Jean Humphreys (1924-2019)

Jean HumphreysIt is with great sadness we have learned of the death of a much-loved and dedicated friend of the University, Mrs Jean Humphreys.

As the wife of Professor Arthur Humphreys, one of the University’s early and most influential professors, Jean first arrived at the University more than 70 years ago. Her passion for the University and the city of Leicester began at that point, and lasted until her final years.

In 2008, in recognition of her inestimable dedication to the institution, she was awarded the University’s highest honour, the rank of Distinguished Honorary Fellow – which can only be held by 24 people at any one time.

When she received her Distinguished Honorary Fellowship, then Vice-Chancellor Professor Bob Burgess said: “People are at the very heart of the success of this University and they take many roles as teachers, researchers, administrators, secretaries and technicians but there is also another role that is vitally important to our success – that of the supporter of the University. Many people in this hall support the University on many occasions but there is one person who many would agree is a leading supporter of the University of Leicester. It is Jean Humphreys. If you go to a University public lecture she will be there, inaugural lectures you will see her there, concerts, special occasions and degree ceremonies will find Jean Humphreys cheering us on. My recommendation is that every University needs a Jean Humphreys.”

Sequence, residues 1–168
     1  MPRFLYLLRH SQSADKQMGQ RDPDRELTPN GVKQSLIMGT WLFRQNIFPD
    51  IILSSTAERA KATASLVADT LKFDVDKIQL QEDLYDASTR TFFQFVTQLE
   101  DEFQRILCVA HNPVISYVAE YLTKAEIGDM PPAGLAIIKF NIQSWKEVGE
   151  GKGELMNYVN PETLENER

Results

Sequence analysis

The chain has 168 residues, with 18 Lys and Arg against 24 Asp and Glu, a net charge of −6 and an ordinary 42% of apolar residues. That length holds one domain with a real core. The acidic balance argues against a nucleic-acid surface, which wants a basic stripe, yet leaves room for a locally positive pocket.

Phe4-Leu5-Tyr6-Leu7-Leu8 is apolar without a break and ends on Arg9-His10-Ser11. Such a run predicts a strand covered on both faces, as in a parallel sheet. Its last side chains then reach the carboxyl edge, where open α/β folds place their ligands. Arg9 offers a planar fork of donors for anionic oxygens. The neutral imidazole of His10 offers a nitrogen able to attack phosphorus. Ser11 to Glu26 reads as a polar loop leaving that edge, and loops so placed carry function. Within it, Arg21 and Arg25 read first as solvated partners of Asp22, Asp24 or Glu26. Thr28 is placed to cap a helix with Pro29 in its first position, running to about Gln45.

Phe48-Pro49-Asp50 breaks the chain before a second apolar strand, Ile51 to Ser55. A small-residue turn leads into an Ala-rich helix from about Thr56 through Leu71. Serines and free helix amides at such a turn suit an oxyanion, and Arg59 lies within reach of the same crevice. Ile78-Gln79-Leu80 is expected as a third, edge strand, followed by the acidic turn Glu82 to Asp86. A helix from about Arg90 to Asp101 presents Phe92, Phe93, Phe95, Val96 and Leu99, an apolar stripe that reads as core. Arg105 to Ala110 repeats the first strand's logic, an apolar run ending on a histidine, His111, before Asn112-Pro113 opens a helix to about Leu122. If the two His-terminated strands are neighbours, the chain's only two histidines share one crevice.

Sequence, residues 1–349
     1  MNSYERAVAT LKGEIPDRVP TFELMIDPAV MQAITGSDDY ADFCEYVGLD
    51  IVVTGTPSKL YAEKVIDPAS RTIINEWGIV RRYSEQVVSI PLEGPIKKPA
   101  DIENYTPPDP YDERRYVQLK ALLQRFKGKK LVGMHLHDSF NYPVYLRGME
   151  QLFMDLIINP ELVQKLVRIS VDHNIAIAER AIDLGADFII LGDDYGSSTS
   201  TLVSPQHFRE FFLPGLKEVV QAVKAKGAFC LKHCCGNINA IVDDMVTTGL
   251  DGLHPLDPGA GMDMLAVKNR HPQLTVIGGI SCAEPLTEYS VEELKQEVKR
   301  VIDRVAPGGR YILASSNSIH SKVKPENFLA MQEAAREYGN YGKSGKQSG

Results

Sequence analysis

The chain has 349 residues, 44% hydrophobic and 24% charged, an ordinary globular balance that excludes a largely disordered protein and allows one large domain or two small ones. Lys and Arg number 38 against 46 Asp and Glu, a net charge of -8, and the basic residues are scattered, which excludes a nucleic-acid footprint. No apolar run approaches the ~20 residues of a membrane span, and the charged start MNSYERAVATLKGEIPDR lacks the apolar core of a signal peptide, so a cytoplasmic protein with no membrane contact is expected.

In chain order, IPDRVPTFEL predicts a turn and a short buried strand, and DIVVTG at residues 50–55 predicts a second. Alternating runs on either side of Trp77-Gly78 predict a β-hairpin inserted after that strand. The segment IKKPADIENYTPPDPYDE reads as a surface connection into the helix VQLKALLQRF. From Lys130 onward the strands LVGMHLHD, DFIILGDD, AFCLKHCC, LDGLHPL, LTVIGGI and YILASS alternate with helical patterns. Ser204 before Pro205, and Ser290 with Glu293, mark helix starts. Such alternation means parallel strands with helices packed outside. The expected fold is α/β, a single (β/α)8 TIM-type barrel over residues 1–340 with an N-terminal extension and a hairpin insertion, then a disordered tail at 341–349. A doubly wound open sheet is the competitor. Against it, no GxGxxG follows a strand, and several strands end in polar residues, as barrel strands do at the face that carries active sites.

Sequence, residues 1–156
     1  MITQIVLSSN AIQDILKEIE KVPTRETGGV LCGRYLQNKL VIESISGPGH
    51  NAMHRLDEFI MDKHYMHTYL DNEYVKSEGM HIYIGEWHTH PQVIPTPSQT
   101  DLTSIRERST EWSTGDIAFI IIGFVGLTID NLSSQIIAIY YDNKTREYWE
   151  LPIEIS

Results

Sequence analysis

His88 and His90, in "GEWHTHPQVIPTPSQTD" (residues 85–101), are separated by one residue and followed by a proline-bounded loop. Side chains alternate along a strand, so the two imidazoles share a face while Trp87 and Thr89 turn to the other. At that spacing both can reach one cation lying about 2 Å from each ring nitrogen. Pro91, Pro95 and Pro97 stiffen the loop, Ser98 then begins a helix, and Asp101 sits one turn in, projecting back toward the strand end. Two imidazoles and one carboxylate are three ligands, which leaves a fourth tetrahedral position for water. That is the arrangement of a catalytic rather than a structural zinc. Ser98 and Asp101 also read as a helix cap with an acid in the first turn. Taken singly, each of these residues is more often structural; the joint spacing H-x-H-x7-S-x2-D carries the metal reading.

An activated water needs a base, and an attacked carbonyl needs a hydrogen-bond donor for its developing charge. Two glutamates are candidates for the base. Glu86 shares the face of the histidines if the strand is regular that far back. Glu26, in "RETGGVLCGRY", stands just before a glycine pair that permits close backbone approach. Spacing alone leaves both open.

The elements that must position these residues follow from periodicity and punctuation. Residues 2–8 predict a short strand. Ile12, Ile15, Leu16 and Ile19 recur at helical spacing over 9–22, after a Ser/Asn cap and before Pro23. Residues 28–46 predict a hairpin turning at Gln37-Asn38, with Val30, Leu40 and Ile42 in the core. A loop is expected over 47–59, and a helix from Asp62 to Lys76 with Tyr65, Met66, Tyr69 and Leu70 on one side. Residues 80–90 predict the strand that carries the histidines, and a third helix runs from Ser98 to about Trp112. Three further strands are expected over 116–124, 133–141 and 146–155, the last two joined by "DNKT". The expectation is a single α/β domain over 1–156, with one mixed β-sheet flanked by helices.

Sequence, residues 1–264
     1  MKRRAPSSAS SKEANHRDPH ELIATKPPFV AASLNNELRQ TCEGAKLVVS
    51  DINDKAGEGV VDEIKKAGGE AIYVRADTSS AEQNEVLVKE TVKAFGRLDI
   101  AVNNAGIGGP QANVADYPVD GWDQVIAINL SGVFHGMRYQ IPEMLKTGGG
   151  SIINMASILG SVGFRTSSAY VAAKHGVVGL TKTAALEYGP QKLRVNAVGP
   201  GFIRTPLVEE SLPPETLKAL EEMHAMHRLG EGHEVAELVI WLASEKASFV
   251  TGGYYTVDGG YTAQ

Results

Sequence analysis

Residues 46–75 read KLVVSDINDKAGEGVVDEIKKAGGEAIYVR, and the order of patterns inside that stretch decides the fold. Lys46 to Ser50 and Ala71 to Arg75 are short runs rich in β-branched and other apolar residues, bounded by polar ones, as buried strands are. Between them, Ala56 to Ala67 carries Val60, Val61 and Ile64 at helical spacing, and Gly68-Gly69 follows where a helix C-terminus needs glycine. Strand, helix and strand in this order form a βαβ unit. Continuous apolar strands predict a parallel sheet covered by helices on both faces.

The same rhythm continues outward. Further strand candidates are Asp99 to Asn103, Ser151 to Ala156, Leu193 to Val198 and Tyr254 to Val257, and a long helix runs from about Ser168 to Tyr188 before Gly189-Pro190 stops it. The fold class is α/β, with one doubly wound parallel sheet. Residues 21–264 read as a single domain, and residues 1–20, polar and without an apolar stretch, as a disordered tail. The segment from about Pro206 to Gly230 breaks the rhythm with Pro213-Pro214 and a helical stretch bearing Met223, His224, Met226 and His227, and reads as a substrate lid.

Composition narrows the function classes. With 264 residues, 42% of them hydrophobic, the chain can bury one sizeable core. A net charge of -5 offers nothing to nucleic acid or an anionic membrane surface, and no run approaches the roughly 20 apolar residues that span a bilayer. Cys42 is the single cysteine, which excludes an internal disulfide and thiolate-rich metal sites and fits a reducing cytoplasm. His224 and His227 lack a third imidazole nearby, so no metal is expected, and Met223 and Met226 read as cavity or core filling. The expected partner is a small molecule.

Born at Drumadoon Farm on the Isle of Arran, Jean graduated in 1945 with an MA, gaining a Teachers’ Diploma in 1946 and taught English. She moved to Leicester in 1947 and was married to Arthur Humphreys, a greatly admired and influential Professor of English at the University of Leicester.

Jean was instrumental in the creation of the Richard Attenborough Centre (now the Attenborough Arts Centre) and new library and was a founder member of the University’s Haldane Society and the University Women’s Club.

In her personal life she was a member of the National Trust for Scotland, the Woodland Trust, Arran Museum and Arran Drama Society and supported the National Trust, English Heritage and Welsh National Opera. She also immersed herself in the culture and community of Leicester, being a member of Leicester Civic Society, Leicestershire Arts in Education, Leicester Philharmonic Choir, the Leicester Symphony Orchestra, the Lit and Phil Society and Leicester and Leicestershire Museums.

Former Chair of Council Dr Bridget Towle said: “With the death of Jean Humphreys we have lost a great link to the early days of the history of the University. Jean arrived in Leicester in 1947, aged 23, recently married to Arthur the newly appointed first Professor of English. At that time Frederick Attenborough was the Principal, there were a few hundred students and a small staff group, but expansion was swiftly occurring. Jean’s role in this fast growing community was to encourage and support, which she did with great enthusiasm remembering that every student and member of staff was important. She remained in Leicester for the rest of her life, caring about the progress of the University and involved with its members.